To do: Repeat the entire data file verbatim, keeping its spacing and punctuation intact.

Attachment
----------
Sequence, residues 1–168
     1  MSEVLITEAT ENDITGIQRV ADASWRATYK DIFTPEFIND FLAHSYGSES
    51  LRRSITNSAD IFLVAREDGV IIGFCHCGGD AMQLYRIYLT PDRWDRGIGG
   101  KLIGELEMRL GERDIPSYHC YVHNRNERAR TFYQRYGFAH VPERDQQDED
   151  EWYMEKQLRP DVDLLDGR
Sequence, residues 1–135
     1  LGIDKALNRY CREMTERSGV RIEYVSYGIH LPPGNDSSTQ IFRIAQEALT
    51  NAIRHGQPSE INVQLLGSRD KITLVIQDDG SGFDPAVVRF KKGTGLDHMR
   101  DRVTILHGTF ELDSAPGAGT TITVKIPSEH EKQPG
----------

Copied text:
Sequence, residues 1–168
     1  MSEVLITEAT ENDITGIQRV ADASWRATYK DIFTPEFIND FLAHSYGSES
    51  LRRSITNSAD IFLVAREDGV IIGFCHCGGD AMQLYRIYLT PDRWDRGIGG
   101  KLIGELEMRL GERDIPSYHC YVHNRNERAR TFYQRYGFAH VPERDQQDED
   151  EWYMEKQLRP DVDLLDGR
Sequence, residues 1–135
     1  LGIDKALNRY CREMTERSGV RIEYVSYGIH LPPGNDSSTQ IFRIAQEALT
    51  NAIRHGQPSE INVQLLGSRD KITLVIQDDG SGFDPAVVRF KKGTGLDHMR
   101  DRVTILHGTF ELDSAPGAGT TITVKIPSEH EKQPG